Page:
East Anglia: Construction in region ‘comes off critical list’

Construction in the east is showing signs of recovery, according to a report

Construction in the east is showing signs of recovery, according to a report - Credit: PA

A construction revival in East Anglia is on the cards, according a report.

Research by property firm Bidwells is pointing towards a halt and reversal in negative trends across the region over the last three years, including falling order volumes, over-capacity and rising input costs.

The Regional Building Consultancy study attributes the recovery to factors including the growing success of the Government’s Help to Buy Scheme, the new simplified National Planning Policy Framework, a resurgence of confidence and commercial activity, especially in the residential housing market, and revised forecasts for Gross Domestic Product (GDP) from 0.6% to 1.2%.

The research also shows that despite significant market variations – markets like Cambridge and Milton Keynes have remained highly active and comparatively buoyant, unlike other parts of the east and south east – activity will increase across all markets in the region.

Head of building consultancy Richard Pilsworth said: “The Government’s initiatives seem to be breathing new life into the market, especially the residential sector, and this is great news for everyone in the construction industry. The truth is that confidence breeds confidence and, as our research shows, the industry is finally being taken off the critical list.”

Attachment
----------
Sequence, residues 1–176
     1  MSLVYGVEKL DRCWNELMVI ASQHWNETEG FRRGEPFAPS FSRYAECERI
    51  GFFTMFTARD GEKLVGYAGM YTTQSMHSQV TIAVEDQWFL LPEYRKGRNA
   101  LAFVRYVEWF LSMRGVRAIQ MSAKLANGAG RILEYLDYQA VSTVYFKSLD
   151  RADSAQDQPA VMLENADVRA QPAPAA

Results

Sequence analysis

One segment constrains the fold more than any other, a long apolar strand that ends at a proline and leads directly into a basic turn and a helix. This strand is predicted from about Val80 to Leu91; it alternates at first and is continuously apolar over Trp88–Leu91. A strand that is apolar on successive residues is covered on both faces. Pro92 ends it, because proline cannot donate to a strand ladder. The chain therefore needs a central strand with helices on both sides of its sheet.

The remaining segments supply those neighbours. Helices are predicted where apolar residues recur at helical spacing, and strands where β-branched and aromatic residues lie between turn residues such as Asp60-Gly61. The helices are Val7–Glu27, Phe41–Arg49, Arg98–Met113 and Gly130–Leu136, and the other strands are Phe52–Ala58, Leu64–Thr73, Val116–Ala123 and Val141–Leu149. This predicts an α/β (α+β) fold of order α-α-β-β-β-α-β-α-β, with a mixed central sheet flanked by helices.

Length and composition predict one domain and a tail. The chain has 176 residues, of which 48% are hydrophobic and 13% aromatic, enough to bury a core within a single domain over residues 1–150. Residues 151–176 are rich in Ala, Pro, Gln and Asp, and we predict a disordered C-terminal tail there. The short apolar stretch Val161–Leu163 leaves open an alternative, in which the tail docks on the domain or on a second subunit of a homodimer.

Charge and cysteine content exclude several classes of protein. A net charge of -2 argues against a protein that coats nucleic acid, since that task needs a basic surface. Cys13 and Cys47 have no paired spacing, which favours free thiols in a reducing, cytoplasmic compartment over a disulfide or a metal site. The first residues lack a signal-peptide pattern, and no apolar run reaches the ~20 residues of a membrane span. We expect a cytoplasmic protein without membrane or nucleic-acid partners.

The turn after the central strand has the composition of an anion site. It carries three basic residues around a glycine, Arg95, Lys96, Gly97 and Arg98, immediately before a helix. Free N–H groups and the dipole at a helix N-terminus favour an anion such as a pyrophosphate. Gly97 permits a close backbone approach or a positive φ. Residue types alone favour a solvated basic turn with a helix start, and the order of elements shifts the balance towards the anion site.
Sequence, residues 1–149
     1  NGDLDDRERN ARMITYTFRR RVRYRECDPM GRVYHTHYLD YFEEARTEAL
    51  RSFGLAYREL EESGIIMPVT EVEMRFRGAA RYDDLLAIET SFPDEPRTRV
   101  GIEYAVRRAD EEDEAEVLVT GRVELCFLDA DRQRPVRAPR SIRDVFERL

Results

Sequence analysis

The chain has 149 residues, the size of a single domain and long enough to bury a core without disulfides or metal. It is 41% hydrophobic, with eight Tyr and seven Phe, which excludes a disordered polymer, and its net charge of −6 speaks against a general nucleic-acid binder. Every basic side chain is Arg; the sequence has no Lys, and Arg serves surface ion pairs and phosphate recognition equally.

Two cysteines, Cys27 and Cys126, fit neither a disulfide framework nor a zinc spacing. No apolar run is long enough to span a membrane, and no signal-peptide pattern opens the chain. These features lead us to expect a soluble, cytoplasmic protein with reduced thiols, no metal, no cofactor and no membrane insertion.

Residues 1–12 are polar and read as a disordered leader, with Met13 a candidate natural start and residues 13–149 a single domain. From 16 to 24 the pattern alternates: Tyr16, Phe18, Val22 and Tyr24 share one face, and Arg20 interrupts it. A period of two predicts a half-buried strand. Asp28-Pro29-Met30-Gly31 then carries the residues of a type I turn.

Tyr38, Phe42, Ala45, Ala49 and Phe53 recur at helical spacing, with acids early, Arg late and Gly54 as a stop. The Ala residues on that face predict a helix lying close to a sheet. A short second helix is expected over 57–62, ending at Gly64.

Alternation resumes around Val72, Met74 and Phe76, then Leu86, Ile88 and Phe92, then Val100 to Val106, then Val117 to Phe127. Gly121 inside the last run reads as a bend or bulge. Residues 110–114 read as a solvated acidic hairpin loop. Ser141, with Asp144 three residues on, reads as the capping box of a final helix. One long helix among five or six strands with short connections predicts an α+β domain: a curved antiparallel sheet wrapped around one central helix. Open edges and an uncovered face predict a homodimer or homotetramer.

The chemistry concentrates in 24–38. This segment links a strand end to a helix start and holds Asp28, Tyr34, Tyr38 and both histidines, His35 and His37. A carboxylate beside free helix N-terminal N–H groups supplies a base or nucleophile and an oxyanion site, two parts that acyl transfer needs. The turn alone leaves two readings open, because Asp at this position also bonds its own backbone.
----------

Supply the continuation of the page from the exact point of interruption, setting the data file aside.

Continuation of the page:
The report suggests a steady situation across Essex and the Thames corridor, with slight signs of a return in business confidence.

But active construction remains muted in Suffolk and Norfolk, and the office market in Ipswich this year is “extremely subdued”, with availability now standing at 567,000sq ft in the town, but take-up was the highest since 2007.

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Across Essex, availability was down by almost 20% at the end of the second quarter in 2013, while take-up increased in Chelmsford, but dropped in Basildon and Colchester, researchers found.

The most significant move was Amlin’s construction of a new 85,000sq ft headquarters in Chelmsford, but elsewhere, while several sites have planning permission, developers appear reluctant to commit.

Retail remains largely unchanged. Availability of high street and warehouse space remains at 16% and 3% respectively across the county, whilst take up was down across both sectors.

Thurrock still leads the way in industrial space, with very low vacancy rates and a modest increase in rents. Supply is likely to remain limited and as such rents could continue to edge up, the study found.